The farm is coated in a fluffy layer of snow today and the cold weather is welcome after a very long fall growing season. We didn’t get our first hard frost until the third week of November, which is a month if not later than previous years.
We did a lot this season – of everything. We met our goals for greens in terms of consistency and quantity, and that alone feels like a big deal. This was also the first year that I got to implement my all fields are the same size dream. And wowowow. It’s just as amazing as I always wanted it to be – drip tape from one field to another, remay rolled out and put on without a second thought to length, and easy planning for seeding and transplants. I highly recommend it for small farmers everywhere forever.
Stats for 2015:
24 weeks of salad/arugula seeding and harvest
2,716 lbs of salad
2,772 lbs of arugula
1,971 lbs of cherry tomatoes
21,000 lbs of produce total
31,200 sq ft (less than 3/4 of an acre) planted/seeded for harvest
7.3% increase in sales
In other words, we cultivated slightly less area (by 2,000 sq ft) and managed to increase our sales and cash crop harvests compared to last year. Cool, huh?
We have some big thank yous to hand out this year:
First. To Robin Kok, our intern, who suffered through some long days of weeding and greens bagging, Ke$ha and Hank III. You’re da bomb and this season would have suuuuucked without you. I will never un-see the fanny pack dance and I wouldn’t have it any other way. Thanks girl.
Burns St Bistro, again, rocked it at our annual Farm Dinner and the first ever Asparagus Dinner. We love working with such talented dudes. Thanks guys for your continual support of local food and community.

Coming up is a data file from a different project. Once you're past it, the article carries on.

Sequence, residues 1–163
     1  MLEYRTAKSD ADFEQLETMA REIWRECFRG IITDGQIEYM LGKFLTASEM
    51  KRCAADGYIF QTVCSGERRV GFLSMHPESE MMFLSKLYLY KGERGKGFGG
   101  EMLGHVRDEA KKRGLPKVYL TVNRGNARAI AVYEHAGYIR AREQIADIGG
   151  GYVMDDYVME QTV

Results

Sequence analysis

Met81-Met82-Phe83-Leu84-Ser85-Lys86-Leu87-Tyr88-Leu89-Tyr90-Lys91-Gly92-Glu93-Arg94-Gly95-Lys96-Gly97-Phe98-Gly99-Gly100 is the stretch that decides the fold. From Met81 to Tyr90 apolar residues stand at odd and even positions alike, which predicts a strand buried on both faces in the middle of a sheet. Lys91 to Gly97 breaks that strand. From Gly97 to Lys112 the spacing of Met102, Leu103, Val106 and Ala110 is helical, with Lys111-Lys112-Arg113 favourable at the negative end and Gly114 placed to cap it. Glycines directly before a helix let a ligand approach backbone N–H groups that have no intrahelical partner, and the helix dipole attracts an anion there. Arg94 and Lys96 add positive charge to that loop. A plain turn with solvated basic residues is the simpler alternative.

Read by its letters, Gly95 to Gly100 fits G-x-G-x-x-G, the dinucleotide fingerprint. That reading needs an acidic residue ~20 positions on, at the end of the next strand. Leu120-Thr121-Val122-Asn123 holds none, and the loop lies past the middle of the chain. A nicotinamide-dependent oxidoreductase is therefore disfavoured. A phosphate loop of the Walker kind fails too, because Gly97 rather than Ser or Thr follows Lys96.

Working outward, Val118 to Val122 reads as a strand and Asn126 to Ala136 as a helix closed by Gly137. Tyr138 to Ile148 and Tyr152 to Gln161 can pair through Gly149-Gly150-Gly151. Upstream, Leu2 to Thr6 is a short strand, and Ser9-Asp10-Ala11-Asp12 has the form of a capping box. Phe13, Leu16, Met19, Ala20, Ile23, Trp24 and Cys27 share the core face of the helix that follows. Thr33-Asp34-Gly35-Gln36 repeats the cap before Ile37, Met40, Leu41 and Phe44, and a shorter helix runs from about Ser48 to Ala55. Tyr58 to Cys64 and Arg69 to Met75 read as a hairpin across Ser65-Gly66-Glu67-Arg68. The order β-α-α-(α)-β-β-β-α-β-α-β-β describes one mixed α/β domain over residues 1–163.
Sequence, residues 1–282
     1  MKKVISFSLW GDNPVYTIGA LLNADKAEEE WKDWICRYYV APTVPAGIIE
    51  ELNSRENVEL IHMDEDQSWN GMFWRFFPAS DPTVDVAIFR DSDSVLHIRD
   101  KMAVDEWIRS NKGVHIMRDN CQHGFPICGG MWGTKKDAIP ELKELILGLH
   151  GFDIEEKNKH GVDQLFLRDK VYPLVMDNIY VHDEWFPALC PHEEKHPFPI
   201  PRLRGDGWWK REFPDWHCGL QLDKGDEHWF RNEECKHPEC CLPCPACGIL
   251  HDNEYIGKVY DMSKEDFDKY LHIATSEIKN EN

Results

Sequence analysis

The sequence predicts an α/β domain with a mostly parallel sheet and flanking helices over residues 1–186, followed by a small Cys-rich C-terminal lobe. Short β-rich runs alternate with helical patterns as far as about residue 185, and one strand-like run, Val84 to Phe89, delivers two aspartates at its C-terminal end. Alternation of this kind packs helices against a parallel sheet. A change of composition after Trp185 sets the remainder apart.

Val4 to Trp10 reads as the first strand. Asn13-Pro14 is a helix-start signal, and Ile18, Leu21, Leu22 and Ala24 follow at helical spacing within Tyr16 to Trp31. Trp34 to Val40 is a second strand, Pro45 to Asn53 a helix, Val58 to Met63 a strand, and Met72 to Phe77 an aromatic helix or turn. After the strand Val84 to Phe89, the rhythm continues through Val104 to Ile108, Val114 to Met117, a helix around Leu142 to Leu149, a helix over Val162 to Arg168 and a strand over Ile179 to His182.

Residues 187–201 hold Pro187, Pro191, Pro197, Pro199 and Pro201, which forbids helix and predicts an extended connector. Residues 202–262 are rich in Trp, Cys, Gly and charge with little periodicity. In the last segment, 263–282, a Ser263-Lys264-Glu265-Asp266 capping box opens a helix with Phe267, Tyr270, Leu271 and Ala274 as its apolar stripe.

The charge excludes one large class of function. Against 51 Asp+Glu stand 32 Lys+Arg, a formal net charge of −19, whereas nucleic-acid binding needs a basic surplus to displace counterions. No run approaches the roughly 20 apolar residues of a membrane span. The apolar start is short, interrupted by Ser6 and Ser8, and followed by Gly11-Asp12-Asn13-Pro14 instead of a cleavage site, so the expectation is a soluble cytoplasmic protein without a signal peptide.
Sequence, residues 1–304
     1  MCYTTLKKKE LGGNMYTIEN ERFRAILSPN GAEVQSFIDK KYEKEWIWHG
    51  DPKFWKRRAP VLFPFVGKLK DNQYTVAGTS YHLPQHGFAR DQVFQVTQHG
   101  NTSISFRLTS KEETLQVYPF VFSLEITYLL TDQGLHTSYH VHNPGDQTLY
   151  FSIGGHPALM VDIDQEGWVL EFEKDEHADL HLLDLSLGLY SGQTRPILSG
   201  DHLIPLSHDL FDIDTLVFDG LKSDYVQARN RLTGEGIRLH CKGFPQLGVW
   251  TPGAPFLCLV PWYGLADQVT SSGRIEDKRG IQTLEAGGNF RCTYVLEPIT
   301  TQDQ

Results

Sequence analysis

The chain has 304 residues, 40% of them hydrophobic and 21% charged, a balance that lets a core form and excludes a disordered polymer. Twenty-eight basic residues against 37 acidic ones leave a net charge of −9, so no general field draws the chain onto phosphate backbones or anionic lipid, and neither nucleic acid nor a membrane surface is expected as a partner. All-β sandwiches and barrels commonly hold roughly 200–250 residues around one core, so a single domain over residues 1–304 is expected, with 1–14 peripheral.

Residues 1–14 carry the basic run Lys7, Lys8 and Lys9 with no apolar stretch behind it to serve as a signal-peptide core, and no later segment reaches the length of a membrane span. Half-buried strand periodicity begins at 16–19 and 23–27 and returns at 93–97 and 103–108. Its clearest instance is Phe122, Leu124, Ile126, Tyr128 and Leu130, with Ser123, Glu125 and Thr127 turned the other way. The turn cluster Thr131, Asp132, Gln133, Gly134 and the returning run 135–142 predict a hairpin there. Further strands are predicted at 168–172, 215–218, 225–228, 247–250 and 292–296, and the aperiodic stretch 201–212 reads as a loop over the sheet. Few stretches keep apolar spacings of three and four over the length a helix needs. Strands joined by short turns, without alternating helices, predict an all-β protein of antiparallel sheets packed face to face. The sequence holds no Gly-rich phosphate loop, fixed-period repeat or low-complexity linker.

A huge shout out to the Clark Fork Farmers Market (along with the Missoula Farmers Market, CFAC, NMCDC, MSLA Food Coop, and others) who made the Double Snap Dollars program a reality in Missoula this year. We’re so so proud to be part of a greater movement toward food security. Thank you for all the work you’ve done to make it happen.
This year Margaret participated in a program through WMGC to make the farm compliant with Good Agricultural Practices (GAP) standards. We were audited a handful of times and checked all the boxes to be officially GAP certified! We couldn’t have done it without enormous guidance from Western Montana Growers Coop, LCCDC, and the grant we received from the super rad Red Ants Pants Foundation. THANK YOU.
If you’re a young/beginning farmer in Western Montana, and you don’t know about the workshops and field days that the Community Food & Agriculture Coalition has been developing, check it out. They’re on the forefront of sharing knowledge and building community in the farming world of this area. We’ve had the pleasure of hosting both workshops and field days here at County Rail and think they’re the best. Thanks Annie and Bonnie for letting us be part of your successes.
Thanks to Audra Mulkern for involving us in her worldwide Female Farmer Project. We’re honored to be on your list! Look for Margaret and Coda on the cover of this seasons’ In Good Tilth (Oregon Tilth’s magazine)… for real.
As always, thanks to Steve Dagger for giving us the opportunity to farm this land and for all the work he does that makes this place a four-star farmer dream (orchard pruning, chicken caring, porch building, etc. etc. etc.). We are so grateful to be here.
Finally, the biggest thank you of all to our market regulars and wholesale customers who request, seek out, and continually support County Rail. Your dedication to small farms, local economy, and good food makes the biggest difference. You are literally our bread and butter (cuz we don’t grow those). Thank you.
Follow our instagram (@coutyrailfarm) for more photos throughout the year, and we’ll see you in 2016 – Happy New Year!